by Campbell Geeslin
The deep lines of a life of adventure—of “searching”—are vivid in a photograph of Peter Matthiessen’s face in Sunday’s The New York Times Magazine.
The 86-year old author died April 5 in Sagaponack, N.Y. He is the only writer ever to win the National Book Award for both nonfiction and fiction. His last novel, In Paradise, was published April 8.
Matthiessen had leukemia. He was interviewed at his Long Island home just before being hospitalized. The photograph was by Damon Winter.
Jeff Hemelman’s account of the author’s life ended with a quote from one of his more than 30 books, The Tree Where Man Was Born (1972). Matthiessen wrote: “Lying back against these ancient rocks of Africa, I am content. The great stillness in these landscapes that once made me restless seeps into me day by day, and with it the unreasonable feeling that I have found what I was searching for without ever having discovered what it was.”
TOPS ON TWITTER: “The Five Most Influential Authors of Our Time” was the title of an article last week on The Houston Chronicle’s website. “These days, Twitter has become a way of measuring a celebrity’s reach and popularity and, indeed—their influence.”
1. Paulo Coelho has 8.8 million followers on Twitter.
2. Stephen Fry has 6.5 million followers.
3. J. K. Rowling has 2.75 million followers.
4. Salman Rushdie has 669,465 followers.
5. Malcolm Gladwell has 196,909 followers.
Not a U.S. born writer in the bunch. Coelho is from Brazil; Fry and Rowling are Brits; Rushdie was born in India, and Gladwell was born in Canada.
CURSES: “The Case for Profanity in Print” was the title of an essay in The New York Times by Jesse Sheidlower. He is the author of The F-Word and president of the American Dialect Society. He quoted from a 1934 article by Allen Walker Read in the journal American Speech about the F-word: “No sensible person would maintain that sex in itself is obscene, for it can be a wholesome, ennobling force.”
“Yet in this serious essay,” wrote Shiedlower, “which appeared in an academic journal published by a well-established scholarly society, [Reed] did not once use, or even quote, the word in question. Mr. Reed was writing eighty years ago. It’s time to print exactly what we mean.”
In Sheidlower’s long Times article, I couldn’t find that F-word spelled out.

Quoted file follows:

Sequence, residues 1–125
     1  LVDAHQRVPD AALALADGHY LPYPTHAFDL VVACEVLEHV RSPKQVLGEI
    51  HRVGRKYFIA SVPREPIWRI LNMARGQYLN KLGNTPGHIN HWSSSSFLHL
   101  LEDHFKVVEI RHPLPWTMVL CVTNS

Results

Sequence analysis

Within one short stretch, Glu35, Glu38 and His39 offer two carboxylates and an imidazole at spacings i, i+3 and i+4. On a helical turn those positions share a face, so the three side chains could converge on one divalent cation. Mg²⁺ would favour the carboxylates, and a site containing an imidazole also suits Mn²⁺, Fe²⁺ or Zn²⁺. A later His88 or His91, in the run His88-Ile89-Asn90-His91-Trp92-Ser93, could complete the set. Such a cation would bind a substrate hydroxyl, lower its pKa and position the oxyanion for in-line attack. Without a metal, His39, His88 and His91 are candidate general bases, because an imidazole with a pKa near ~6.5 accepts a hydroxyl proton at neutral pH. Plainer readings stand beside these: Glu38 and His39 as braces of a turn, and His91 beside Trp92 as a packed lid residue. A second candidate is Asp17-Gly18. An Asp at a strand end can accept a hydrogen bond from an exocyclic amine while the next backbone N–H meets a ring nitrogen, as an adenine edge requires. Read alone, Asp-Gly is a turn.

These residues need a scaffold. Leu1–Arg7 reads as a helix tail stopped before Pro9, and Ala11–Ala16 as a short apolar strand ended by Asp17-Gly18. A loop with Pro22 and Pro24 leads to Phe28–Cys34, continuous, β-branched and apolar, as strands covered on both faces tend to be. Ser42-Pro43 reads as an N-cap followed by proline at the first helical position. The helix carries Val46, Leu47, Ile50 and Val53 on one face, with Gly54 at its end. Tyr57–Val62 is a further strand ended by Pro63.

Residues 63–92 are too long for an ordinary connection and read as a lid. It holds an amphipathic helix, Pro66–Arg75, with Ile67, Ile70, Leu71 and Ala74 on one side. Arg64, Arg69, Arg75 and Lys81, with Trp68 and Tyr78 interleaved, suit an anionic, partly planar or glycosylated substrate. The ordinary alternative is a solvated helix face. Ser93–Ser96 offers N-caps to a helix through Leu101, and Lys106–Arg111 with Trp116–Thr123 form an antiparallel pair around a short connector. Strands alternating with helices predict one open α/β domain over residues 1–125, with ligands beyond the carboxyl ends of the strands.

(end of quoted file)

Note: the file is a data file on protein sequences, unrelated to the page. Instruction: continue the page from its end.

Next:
LIARS: The Secret Life of William Shakespeare is a new novel by Jude Morgan. He is author of a dozen books including Charlotte and Emily: A Novel of the Brontes (2010). The author wrote in the new book’s postscript that novelists “are liars by profession. People pay us to make up stories for them.”
NOT FOR THE EAR: Dan Chiasson is a poet and associate professor at Wellesley. In a New York Review of Books essay about a trio of new books by poets, Chiasson wrote, “One big invention modern poetry made was to change our sense of the word ‘song,’ which for eons was a relatively uncomplicated synonym for ‘poem.’”
“’Compose’ is what musical composers do, of course, but its older sense is ‘to put together,’ to build, to construct. The ‘words’ of a poem shouldn’t be chosen to please the ear, but to ambush reality.”
Then Chiasson came up with a generalization: “American poets tend to want the benefits of song—its emotionality, its melodiousness—without its costs: its triviality, its obviousness, its feyness.”
DEAD MOTHERS: Sophie McKenzie, author of Close My Eyes (2013) and dozens of other books for youngsters, observed in The Guardian: “Often mothers in children’s books are dead. This isn’t because children’s authors like killing them off, but because one of the big challenges for any kids writer, especially those who, like me, set their stories in the contemporary world, is to get the adults out of the way as soon as possible, so that the youngsters can take the center stage.”
A QUESTION: Timur Vermes’s Look Who’s Back, has Hitler as a comedian. The novel was a bestseller in Germany when it was published there in 2011. It’s just been published in English.